The Look of Music
Of Beatle Boots, High Heels and Blue Tuxedos
This week on Music Inside Out, musicians tell us about the look of music in their performances — and in their memories. We asked eight New Orleans performers to recall the first concert they attended and to describe their impressions of it. We also wanted to know if those experiences informed how they look on stage.
That observation by the legendary New Orleans musician Danny Barker sparked The Look of Music. Some of those we talked to agreed with Barker; some did not. But everyone had a story to tell.
Leroy Jones and Katja Toivola
Trumpeter Leroy Jones vividly recalls seeing James Brown at New Orleans Municipal Auditorium in the late 1960s. And what made the biggest impression on him?
“What he had on appeared to be Beatle boots. And I remember … the toes were very pointed, and it was a half-boot — and as a matter of fact, I wanted a pair.”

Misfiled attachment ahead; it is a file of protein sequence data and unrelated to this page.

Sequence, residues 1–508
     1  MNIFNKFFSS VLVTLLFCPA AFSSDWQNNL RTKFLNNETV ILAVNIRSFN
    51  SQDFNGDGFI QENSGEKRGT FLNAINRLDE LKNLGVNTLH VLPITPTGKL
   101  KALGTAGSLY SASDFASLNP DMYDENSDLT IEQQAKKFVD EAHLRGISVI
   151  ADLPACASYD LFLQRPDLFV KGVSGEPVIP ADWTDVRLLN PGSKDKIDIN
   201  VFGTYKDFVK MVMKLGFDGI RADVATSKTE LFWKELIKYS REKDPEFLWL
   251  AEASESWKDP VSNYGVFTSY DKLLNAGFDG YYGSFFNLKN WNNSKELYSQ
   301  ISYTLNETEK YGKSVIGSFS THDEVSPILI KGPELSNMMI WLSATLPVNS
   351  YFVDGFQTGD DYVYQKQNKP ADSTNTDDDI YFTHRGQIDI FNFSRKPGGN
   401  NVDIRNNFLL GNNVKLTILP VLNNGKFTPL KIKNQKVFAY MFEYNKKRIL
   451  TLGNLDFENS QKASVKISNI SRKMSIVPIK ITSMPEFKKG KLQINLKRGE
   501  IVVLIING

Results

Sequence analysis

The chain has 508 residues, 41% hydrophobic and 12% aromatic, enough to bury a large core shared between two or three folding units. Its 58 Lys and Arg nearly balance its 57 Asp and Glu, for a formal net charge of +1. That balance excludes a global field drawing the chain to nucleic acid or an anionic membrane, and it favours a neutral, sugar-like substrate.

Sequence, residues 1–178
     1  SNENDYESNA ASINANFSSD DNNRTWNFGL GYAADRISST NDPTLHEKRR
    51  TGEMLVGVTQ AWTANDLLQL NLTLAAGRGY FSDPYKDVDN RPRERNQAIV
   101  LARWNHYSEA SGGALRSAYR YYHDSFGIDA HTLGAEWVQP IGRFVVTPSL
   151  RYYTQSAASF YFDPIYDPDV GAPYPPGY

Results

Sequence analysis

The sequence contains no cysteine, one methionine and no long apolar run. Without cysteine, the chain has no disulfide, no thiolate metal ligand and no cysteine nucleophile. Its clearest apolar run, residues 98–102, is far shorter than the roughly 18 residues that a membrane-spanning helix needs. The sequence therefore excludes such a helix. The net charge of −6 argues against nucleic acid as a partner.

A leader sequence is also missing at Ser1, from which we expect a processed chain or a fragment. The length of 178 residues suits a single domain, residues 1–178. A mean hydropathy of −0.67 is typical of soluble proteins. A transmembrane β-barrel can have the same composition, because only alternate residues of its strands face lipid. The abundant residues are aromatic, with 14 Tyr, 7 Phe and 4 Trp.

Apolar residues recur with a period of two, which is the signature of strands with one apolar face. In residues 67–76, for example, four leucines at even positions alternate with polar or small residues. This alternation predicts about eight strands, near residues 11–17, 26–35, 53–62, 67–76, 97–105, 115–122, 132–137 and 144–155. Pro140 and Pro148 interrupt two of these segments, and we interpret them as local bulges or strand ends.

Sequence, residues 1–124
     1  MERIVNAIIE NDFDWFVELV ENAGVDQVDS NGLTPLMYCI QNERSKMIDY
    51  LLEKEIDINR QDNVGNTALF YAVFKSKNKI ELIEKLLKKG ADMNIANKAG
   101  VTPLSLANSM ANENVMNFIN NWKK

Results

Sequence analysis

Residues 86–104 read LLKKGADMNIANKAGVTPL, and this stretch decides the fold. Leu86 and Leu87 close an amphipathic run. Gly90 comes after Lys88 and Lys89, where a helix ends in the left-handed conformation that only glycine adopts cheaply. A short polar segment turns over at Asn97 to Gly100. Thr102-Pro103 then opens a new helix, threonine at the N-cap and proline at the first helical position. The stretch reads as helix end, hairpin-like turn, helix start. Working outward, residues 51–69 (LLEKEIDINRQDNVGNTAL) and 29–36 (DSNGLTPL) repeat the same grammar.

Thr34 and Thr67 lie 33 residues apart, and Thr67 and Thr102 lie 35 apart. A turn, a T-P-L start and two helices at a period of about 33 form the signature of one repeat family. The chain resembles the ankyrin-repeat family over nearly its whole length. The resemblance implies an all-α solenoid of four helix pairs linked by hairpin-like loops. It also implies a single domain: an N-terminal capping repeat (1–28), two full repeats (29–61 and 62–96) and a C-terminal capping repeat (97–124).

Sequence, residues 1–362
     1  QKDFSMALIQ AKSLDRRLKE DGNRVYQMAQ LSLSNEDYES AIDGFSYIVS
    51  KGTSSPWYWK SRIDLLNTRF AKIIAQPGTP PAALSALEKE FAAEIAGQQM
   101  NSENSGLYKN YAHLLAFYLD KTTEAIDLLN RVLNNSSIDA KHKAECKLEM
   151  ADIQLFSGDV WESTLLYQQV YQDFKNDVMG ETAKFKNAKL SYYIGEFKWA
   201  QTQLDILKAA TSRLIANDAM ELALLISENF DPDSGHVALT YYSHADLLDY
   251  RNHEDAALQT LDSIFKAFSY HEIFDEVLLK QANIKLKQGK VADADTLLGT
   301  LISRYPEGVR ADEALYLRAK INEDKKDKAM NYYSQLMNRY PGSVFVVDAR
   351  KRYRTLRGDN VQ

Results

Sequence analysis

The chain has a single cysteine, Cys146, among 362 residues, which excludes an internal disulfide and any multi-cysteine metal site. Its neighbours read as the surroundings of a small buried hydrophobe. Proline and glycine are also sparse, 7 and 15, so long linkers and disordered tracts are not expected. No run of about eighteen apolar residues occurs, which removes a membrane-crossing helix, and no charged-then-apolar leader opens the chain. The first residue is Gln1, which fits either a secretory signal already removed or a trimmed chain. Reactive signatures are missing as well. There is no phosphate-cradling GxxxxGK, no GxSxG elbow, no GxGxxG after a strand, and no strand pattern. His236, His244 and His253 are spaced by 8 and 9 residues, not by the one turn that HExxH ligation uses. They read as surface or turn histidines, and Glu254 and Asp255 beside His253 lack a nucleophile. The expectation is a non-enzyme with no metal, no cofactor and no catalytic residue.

Jones’s spouse, trombonist Katja Toivola, has a different approach to shoes. “I never was a jeans, t-shirt, tennis shoes type,” she says. Toivola recalls playing at a jazz club in her home town of Helsinki, Finland:
“The gigs were long, from 10:00 pm to 3:00 am. And I had a dress on; high heel shoes. And my shoes were hurting me, so for the last set I took my heels off and put on flat shoes. And there’s this superbly drunk guy that comes up to me: ‘Auggh! You took your sexy shoes off!’ And I’m like, really? At 2:00 am, this is your takeaway? You complain to the trombone player that she changed her shoes?”
Don Vappie is a multi-instrumentalist and composer of classical music, traditional jazz and Creole folk tunes. In the 1970s, he went to a memorable concert at LSU in Baton Rouge, Louisiana.